Skip to main content

Advertisement

Log in

Longevity and mortality of captive chimpanzees in Japan from 1921 to 2018

  • Original Article
  • Published:
Primates Aims and scope Submit manuscript

Abstract

Utilizing the Great Ape Information Network (GAIN), an open-access nationwide database containing the detailed life history information of all apes who have lived or currently reside in Japan, we present a robust chimpanzee life table by single year of age and sex including 821 individuals spanning nearly a century, current through March 11, 2019. While the demographic composition and status of captive chimpanzees in Japan has been previously reported, longevity and mortality statistics have not. We show that female and male survivorship do not differ significantly, and that a live-born chimpanzee in Japan can expect to live 28.3 years (females 26.3, males 30.3). Life expectancy increases to 34.6 years (females 33.4, males 35.7) for individuals who reach one year of age, and to 40.4 years (females 39.2, males 41.5) for those who survive to adulthood. The oldest chimpanzee in Japan, a wild-born male, lived an estimated 68 years. One in six infants are stillborn, and nearly 80% of all infants born alive survive beyond their first birthday. Finally, we report that a seasonal death pattern exists and chimpanzees in Japan are more likely to decease in the winter months (Dec–Feb) than in any other season.

This is a preview of subscription content, log in via an institution to check access.

Access this article

Subscribe and save

Springer+ Basic
EUR 32.99 /Month
  • Get 10 units per month
  • Download Article/Chapter or Ebook
  • 1 Unit = 1 Article or 1 Chapter
  • Cancel anytime
Subscribe now

Buy Now

Price excludes VAT (USA)
Tax calculation will be finalised during checkout.

Instant access to the full article PDF.

Fig. 1
Fig. 2
Fig. 3
Fig. 4
Fig. 5

Similar content being viewed by others

References

  • Analitis A, Katsouyanni K, Biggeri A, Baccini M, Forsberg B, Bisanti L, Kirchmayer U, Ballester F, Cadum E, Goodman PG, Hojs A (2008) Effects of cold weather on mortality: results from 15 European cities within the PHEWE project. Am J Epidemiol 168:1397–1408

    Article  CAS  Google Scholar 

  • Ballou JD, Lacy RC, Pollak JP (2010) PMx: software for demographic and genetic analysis and management of pedigreed populations. Chicago Zoological Society, Brookfield

    Google Scholar 

  • Bronikowski AM, Altmann J, Brockman DK, Cords M, Fedigan LM, Pusey A, Stoinski T, Morris WF, Strier KB, Alberts SC (2011) Aging in the natural world: comparative data reveal similar mortality patterns across primates. Science 331:1325–1328

    Article  CAS  Google Scholar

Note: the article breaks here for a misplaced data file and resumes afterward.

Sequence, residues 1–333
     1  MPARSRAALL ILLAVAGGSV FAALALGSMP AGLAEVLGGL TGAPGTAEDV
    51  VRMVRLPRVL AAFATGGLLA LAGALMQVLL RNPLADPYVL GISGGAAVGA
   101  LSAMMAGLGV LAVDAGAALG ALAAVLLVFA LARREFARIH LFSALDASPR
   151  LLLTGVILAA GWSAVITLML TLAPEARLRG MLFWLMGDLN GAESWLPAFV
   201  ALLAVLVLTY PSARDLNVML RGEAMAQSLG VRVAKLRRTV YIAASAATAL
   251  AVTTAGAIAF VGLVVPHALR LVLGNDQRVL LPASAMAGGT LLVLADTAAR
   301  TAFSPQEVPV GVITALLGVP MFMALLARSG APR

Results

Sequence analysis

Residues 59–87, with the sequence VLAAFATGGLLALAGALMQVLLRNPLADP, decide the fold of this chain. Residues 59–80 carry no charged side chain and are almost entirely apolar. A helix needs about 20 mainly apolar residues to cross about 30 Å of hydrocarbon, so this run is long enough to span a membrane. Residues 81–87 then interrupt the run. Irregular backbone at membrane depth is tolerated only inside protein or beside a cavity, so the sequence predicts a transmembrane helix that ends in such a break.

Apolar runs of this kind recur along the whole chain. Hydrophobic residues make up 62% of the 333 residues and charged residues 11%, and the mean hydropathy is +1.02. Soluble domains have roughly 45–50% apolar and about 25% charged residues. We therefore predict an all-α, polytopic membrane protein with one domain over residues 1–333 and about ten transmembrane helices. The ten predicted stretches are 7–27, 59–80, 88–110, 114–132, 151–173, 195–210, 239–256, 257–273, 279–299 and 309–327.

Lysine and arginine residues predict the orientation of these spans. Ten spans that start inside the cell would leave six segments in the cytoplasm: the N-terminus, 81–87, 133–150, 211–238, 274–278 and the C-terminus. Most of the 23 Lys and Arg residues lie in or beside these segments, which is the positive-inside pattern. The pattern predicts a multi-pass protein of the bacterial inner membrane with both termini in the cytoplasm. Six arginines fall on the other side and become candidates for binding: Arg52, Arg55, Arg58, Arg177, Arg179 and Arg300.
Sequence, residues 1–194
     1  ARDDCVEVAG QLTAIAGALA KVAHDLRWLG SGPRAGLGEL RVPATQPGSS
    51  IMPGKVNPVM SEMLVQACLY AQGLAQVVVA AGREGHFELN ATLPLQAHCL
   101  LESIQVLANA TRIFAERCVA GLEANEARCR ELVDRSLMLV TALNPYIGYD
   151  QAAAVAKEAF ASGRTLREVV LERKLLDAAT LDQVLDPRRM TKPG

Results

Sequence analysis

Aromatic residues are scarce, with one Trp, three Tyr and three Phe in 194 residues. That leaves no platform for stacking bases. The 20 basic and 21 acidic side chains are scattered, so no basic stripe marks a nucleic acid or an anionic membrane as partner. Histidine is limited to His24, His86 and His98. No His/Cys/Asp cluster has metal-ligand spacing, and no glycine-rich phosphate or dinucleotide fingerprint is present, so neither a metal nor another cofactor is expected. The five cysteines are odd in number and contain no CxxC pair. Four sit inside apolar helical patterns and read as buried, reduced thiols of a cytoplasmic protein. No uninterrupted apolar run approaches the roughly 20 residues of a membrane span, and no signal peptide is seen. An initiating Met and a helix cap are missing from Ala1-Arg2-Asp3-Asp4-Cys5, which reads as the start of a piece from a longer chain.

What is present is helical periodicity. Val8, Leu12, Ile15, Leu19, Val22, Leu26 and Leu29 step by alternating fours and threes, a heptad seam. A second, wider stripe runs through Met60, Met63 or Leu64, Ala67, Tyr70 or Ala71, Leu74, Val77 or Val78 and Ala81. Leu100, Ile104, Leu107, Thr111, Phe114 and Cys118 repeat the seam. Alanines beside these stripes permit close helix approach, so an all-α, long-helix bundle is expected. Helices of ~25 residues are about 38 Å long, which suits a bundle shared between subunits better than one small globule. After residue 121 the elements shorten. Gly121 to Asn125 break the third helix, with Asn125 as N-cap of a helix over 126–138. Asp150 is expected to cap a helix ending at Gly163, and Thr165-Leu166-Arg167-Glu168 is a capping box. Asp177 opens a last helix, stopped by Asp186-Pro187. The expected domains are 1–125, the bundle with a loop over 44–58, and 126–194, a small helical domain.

• Carlsen F, de Jongh T (2014) European studbook for the chimpanzee (Pan troglodytes). Copenhagen Zoo, Frederiksberg

    Google Scholar 

  • Chimpanzee Species Survival Plan (2012) 2012 North American regional chimpanzee studbook (Pan troglodytes). Lincoln Park Zoo, Chicago

    Google Scholar 

  • Courtenay J, Santow G (1989) Mortality of wild and captive chimpanzees. Folia Primatol 52:167–177

    Article  CAS  Google Scholar 

  • Cox B, Gasparrini A, Catry B, Delcloo A, Bijnens E, Vangronsveld J, Nawrot TS (2016) Mortality related to cold and heat. What do we learn from dairy cattle? Environ Res 149:231–238

    Article  CAS  Google Scholar 

  • de Magalhães JP, Costa J (2009) A database of vertebrate longevity records and their relation to other life‐history traits. J Evol Biol 22:1770–1774

    Article  Google Scholar 

  • Dyke B, Gage TB, Alford PL, Swenson B, Williams-Blangero S (1995) Model life table for captive chimpanzees. Am J Primatol 37:25–37

    Article  Google Scholar 

  • Faust LJ, Bergstrom YM, Thompson SD, Bier L (2012a) PopLink version 2.4. Lincoln Park Zoo, Chicago

    Google Scholar 

  • Faust LJ, Bier L, Schowe K, Gazlay T (2012b) PopLink 2.4: user’s manual. Lincoln Park Zoo, Chicago

    Google Scholar 

  • Fisken FA, Carlsen F, Elder M, de Jongh T, Pereboom JJM, Pohl B, Rietkerk F, Ross SR, Taniguchi A (2018) Global population records and managed-programme updates for the great apes. Int Zoo Yearb 52:212–226

    Article  Google Scholar 

  • Gogarten JF, Brown LM, Chapman CA, Cords M, Doran-Sheehy D, Fedigan LM, Grine FE, Perry S, Pusey E, Sterck EH, Wich SA (2012) Seasonal mortality patterns in non-human primates: implications for variation in selection pressures across environments. Evolution 66:3252–3266

    Article  Google Scholar 

  • Hayashi M, Sakuraba Y, Watanabe S, Kaneko A, Matsuzawa T (2013) Behavioral recovery from tetraparesis in a captive chimpanzee. Primates 54:237–243

    Article  Google Scholar 

  • Hill K, Boesch C, Goodall J, Pusey A, Williams J, Wrangham R (2001) Mortality rates among wild chimpanzees. J Hum Evol 40:437–450

    Article  CAS  Google Scholar 

  • Hirata S, Morimura N, Watanuki K, Ross SR (in press) The establishment of sanctuaries for former laboratory chimpanzees: challenges, successes, and cross-cultural context. In: Hopper L, Ross SR (eds) Chimpanzees in context. The University of Chicago Press, Chicago